Personally I do not think people have to share the same dogmatic understanding of the Eucharist in order to break bread together in remembrance of the Lord. Probably most people with whom I take Communion would hold the Zwinglian view, which seems to have become the default view among Baptists, Methodists, Brethren, Pentecostals, &c.. I dare say my view would be seen as that taught by John Calvin (which does not mean I share his soteriology). Your view is further along the spectrum still. But I do not believe that it is correct dogmatic understanding that qualifies a person to partake, but rather repentance for sins, a belief that Christ died the remission for those sins, and the wish to obey him in remembering his death for us when we take the bread and the wine.

Have you considered reading some works by Fr. Alexander Schmemann?
I have certainly heard of him, but I am not sure whether I have read any of his writings. Devotional writings might well feed my soul; on doctrinal matters, as you may have discerned, I am fairly settled.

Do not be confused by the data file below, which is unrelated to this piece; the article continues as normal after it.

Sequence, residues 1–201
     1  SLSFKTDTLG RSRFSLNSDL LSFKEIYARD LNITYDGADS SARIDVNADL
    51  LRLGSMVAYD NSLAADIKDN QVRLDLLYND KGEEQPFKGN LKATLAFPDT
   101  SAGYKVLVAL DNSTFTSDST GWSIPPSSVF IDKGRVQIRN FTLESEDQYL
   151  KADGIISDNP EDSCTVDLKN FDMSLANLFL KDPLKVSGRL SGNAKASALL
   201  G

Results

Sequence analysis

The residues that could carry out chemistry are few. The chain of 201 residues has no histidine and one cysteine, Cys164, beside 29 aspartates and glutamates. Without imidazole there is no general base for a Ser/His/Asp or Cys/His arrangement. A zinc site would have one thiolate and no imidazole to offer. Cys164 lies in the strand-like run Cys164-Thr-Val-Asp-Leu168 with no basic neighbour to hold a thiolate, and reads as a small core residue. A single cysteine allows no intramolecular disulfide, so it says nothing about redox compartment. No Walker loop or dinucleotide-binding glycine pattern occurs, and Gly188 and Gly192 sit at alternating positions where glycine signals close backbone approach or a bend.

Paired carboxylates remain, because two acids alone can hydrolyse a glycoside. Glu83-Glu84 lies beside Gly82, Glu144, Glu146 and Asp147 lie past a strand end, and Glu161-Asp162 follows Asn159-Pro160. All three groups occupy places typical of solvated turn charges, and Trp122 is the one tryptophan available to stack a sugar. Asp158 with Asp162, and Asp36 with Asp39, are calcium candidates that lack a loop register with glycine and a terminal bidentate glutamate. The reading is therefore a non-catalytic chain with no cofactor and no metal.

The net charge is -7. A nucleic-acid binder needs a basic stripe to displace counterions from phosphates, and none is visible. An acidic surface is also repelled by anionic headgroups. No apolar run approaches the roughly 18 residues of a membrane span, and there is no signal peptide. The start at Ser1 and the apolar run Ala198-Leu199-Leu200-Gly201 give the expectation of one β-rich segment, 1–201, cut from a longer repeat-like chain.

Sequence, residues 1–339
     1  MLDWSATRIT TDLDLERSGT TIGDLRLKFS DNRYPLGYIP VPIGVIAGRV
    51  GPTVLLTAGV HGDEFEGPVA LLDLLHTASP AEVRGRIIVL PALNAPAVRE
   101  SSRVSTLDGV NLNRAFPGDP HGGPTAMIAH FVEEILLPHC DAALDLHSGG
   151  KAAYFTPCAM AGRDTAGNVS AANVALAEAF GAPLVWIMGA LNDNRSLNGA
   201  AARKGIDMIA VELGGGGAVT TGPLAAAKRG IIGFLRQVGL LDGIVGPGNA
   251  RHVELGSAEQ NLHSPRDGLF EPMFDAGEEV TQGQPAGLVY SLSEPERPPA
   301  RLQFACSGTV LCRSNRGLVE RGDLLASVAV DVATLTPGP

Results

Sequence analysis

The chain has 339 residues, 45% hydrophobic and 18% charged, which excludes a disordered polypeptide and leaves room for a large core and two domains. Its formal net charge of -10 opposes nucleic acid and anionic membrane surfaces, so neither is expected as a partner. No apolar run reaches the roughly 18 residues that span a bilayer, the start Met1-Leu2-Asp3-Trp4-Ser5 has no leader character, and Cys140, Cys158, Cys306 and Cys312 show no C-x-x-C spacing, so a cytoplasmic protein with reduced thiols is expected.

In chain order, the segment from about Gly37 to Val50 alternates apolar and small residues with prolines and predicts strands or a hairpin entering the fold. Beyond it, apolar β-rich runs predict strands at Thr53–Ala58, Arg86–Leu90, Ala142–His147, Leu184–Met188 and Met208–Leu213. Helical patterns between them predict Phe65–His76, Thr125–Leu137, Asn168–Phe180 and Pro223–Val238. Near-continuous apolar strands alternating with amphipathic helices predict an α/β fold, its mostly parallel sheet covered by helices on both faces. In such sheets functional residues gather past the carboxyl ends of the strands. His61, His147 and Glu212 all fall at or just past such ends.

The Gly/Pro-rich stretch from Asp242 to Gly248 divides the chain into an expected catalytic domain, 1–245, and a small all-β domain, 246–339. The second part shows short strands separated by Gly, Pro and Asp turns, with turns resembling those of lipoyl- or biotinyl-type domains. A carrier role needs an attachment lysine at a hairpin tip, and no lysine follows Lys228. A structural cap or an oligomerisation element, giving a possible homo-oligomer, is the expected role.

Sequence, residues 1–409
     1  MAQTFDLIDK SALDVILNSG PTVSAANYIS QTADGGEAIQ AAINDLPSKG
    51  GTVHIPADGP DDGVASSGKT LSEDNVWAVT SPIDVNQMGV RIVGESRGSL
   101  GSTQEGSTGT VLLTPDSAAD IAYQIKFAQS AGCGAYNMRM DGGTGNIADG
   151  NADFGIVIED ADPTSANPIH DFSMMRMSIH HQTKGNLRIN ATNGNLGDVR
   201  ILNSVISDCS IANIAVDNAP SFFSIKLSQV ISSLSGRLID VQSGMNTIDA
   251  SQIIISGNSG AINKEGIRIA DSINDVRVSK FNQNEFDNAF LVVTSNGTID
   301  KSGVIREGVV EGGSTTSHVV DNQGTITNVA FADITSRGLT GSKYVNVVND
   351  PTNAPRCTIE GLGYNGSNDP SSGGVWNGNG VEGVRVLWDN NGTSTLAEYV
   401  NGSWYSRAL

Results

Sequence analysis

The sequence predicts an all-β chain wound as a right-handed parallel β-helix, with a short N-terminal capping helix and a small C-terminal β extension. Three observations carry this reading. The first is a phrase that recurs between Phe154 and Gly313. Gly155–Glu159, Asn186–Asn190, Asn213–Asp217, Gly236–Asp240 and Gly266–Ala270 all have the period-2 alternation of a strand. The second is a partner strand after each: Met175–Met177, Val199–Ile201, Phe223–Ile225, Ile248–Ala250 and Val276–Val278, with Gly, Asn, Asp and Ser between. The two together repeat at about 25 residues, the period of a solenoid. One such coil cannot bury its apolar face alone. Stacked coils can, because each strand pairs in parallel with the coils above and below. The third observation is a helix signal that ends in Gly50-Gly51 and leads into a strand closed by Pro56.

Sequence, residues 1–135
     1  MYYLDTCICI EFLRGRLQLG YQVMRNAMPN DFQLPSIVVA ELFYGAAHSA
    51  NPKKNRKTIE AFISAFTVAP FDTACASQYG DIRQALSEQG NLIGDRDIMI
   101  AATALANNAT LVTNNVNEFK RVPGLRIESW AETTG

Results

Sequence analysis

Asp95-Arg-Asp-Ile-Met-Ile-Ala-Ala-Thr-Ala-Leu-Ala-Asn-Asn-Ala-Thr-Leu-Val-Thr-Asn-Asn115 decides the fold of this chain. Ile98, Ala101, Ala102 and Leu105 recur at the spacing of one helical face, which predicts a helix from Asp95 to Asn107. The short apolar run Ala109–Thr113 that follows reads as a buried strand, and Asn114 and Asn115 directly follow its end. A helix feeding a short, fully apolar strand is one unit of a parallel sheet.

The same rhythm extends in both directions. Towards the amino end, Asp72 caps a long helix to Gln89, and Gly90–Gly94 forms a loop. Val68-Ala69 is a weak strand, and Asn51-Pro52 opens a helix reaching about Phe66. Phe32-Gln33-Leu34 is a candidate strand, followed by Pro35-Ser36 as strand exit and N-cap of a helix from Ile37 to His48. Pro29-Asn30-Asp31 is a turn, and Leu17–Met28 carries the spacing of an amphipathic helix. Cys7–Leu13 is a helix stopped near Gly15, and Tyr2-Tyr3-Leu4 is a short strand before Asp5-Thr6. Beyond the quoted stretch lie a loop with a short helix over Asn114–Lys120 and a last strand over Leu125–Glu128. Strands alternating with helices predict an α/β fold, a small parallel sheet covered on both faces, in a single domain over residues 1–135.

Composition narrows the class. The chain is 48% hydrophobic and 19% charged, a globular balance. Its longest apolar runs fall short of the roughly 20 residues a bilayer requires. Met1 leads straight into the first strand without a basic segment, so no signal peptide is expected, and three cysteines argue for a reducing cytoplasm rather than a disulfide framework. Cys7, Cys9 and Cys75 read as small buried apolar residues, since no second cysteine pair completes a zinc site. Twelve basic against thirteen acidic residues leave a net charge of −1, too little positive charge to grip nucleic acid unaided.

Gebre Menfes Kidus

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David Young said:
...on doctrinal matters, as you may have discerned, I am fairly settled.
God has a way of unsettling the settled. Carrying our crosses and following Christ rarely lead to worldly security and temporal safety. And that goes for us Orthodox as well.  ;)

Selam
 

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Iconodule said:
Here is a really interesting article by Fr Maximos Constas discussing the relationship between the suspicion of images and imagination in the hesychast tradition and the image-rich ritual of Byzantine worship.